Easby Abbey is so much a possession of Richmond that we cannot go towards the mountains until we have seen something of its charms. The ruins slumber in such unutterable peace by the riverside that the place is well suited to our mood to go a-dreaming of the centuries which have been so long dead that our imaginations are not cumbered with any of the dull times that may have often set the canons of St. Agatha's yawning. The walk along the steep shady bank above the river is beautiful all the way, and the surroundings of the broken walls and traceried windows are singularly rich. There is nothing, however, at Easby that makes a striking picture, although there are many architectural fragments that are full of beauty. Fountains, Rievaulx and Tintern, all leave Easby far behind, but there are charms enough here with which to be content, and it is, perhaps, a pleasant thought to know that, although on this sunny afternoon these meadows by the Swale seem to reach perfection, yet in the neighbourhood of Ripon there is something still finer waiting for us. Of the abbey church scarcely more than enough has survived for the preparation of a ground-plan, and many of the evidences are now concealed by the grass. The range of domestic buildings that surrounded the cloister garth are, therefore, the chief interest, although these also are broken and roofless. We can wander among the ivy-grown walls which, in the refectory, retain some semblance of their original form, and we can see the picturesque remains of the common-room, the guest-hall, the chapter-house, and the sacristy. Beyond the ruins of the north transept, a corridor leads into the infirmary, which, besides having an unusual position, is remarkable as being one of the most complete groups of buildings set apart for this object. A noticeable feature of the cloister garth is a Norman arch belonging to a doorway that appears to be of later date. This is probably the only survival of the first monastery founded, it is said, by Roald, Constable of Richmond Castle, in 1152. Building of an extensive character was, therefore, in progress at the same time in these sloping meadows, as on the castle heights, and St. Martin's Priory, close to the town, had not long been completed. Whoever may have been the founder of the abbey, it is definitely known that the great family of Scrope obtained the privileges that had been possessed by the Constable, and they added so much to the property of the monastery that in the reign of Henry VIII. the Scropes were considered the original founders. Easby thus became the stately burying-place of the family and the splendid tombs that appeared in the choir of their church were a constant reminder to the canons of the greatness of the lords of Bolton. Sir Henry le Scrope was buried beneath a great stone effigy, bearing the arms—azure, a bend or—of his house. Near by lay Sir William le Scrope's armed figure, and round about were many others of the family buried beneath flat stones. We know this from the statement of an Abbot of Easby in the fourteenth century; and but for the record of his words there would be nothing to tell us anything of these ponderous memorials, which have disappeared as completely as though they had had no more permanence than the yellow leaves that are just beginning to flutter from the trees. The splendid church, the tombs, and even the very family of Scrope, have disappeared; but across the hills, in the valley of the Ure, their castle still stands, and in the little church of Wensley there can still be seen the parclose screen of Perpendicular date that one of the Scropes must have rescued when the monastery was being stripped and plundered.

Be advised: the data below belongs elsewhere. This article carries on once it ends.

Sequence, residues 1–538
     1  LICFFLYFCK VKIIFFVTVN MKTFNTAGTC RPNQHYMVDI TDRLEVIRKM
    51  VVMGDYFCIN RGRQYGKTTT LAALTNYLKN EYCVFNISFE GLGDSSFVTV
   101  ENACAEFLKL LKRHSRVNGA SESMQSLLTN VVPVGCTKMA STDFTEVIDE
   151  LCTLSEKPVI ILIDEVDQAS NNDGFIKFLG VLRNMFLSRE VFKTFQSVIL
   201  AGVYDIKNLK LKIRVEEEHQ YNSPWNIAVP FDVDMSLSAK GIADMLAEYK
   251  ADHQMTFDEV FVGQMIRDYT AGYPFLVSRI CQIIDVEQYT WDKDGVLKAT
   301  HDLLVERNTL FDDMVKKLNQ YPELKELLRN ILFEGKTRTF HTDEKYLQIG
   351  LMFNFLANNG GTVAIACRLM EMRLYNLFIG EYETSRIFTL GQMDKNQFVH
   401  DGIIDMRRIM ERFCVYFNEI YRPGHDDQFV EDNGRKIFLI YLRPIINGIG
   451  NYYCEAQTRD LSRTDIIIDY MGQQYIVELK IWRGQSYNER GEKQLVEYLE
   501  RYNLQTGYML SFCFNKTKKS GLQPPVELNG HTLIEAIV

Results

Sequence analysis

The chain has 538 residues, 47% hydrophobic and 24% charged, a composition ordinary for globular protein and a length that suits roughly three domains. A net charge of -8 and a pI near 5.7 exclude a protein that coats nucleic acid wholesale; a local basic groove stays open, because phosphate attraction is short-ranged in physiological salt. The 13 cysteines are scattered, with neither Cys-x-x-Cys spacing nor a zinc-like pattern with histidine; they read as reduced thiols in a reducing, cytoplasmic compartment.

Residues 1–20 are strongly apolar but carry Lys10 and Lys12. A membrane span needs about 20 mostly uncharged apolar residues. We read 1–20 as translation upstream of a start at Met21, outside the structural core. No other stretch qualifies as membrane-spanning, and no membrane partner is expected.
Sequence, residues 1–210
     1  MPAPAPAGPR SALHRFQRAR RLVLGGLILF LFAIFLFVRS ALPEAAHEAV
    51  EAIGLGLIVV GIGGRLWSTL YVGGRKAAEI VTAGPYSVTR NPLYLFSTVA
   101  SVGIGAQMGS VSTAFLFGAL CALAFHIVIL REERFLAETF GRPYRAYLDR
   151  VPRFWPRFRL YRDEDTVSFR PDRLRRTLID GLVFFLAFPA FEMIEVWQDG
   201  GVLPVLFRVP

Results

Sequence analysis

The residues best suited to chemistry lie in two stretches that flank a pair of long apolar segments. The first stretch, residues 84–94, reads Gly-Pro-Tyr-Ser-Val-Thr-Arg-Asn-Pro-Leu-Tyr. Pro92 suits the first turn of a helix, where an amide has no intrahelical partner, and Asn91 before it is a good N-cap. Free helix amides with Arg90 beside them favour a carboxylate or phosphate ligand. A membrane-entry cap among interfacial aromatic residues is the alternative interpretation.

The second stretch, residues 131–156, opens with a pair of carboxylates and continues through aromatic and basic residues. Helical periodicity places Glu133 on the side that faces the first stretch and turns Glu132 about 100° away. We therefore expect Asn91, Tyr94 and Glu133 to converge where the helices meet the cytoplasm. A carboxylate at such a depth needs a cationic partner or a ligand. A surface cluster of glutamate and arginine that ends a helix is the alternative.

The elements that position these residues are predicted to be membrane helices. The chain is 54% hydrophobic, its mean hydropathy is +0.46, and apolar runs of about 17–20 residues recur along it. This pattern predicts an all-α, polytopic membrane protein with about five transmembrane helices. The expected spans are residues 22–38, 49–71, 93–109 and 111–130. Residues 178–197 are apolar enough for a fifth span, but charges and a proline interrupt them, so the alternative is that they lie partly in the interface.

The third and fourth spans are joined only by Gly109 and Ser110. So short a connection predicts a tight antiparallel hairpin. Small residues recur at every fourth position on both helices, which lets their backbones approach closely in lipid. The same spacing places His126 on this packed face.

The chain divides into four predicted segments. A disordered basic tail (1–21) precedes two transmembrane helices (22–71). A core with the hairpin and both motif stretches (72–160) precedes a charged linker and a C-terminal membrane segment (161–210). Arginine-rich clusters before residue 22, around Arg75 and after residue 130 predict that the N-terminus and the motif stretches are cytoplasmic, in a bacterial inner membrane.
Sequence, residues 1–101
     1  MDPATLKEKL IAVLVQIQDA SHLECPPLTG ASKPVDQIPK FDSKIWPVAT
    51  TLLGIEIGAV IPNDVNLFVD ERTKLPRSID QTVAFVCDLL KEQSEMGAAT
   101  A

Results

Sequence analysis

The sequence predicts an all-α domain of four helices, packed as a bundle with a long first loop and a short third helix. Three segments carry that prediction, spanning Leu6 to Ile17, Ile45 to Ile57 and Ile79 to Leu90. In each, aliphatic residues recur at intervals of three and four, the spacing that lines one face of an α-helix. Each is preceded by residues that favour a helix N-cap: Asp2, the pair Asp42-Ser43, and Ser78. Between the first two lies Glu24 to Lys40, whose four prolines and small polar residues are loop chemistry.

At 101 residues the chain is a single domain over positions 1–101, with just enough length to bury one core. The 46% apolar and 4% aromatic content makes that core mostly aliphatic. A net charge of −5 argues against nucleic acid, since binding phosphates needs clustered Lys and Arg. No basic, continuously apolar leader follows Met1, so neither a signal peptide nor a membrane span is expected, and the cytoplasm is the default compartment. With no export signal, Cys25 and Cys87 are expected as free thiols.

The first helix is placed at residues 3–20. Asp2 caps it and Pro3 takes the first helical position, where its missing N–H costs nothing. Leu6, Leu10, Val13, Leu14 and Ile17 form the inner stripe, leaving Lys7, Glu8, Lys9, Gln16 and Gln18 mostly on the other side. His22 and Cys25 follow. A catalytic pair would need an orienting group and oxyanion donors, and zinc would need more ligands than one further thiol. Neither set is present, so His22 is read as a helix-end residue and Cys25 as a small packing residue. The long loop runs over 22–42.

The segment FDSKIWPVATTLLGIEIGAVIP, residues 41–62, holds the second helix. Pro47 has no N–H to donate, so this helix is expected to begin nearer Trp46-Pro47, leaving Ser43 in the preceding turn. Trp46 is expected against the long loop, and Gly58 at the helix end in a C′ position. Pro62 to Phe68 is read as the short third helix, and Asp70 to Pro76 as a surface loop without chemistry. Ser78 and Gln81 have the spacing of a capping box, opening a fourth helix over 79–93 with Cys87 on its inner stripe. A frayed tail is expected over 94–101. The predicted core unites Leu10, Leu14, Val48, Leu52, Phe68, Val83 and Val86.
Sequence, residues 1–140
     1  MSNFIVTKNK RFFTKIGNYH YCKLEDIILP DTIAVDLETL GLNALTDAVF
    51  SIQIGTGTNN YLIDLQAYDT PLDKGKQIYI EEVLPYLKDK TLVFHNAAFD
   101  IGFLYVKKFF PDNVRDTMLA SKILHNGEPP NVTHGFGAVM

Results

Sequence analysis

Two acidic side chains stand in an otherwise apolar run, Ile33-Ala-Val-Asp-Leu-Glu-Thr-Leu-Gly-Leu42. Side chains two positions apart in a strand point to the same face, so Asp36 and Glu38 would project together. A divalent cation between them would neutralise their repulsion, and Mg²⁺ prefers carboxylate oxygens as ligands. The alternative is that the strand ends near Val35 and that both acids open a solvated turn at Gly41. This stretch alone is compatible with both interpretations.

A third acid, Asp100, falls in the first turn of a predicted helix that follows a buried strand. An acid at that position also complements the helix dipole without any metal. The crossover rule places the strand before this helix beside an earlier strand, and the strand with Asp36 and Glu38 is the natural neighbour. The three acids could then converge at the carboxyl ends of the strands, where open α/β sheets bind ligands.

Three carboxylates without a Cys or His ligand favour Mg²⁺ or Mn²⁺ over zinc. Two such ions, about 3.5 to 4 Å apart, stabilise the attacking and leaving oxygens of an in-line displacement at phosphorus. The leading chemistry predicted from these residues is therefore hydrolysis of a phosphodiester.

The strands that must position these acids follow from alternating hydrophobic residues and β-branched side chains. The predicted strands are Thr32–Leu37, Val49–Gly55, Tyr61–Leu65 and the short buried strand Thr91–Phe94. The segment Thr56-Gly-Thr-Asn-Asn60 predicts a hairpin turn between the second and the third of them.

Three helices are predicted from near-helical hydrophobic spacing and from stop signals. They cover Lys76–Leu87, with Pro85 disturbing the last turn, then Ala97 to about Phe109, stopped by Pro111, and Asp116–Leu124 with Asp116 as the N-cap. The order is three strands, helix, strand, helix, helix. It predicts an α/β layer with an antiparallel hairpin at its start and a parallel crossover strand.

The fine gate-house of Easby Abbey, which is in a good state of preservation, stands a little to the east of the parish church, and the granary is even now in use.
On the sides of the parvise over the porch of the parish church are the arms of Scrope, Conyers, and Aske; and in the chancel of this extremely interesting old building there can be seen a series of wall-paintings, some of which probably date from the reign of Henry III. This would make them earlier than those at Pickering.
More to follow ....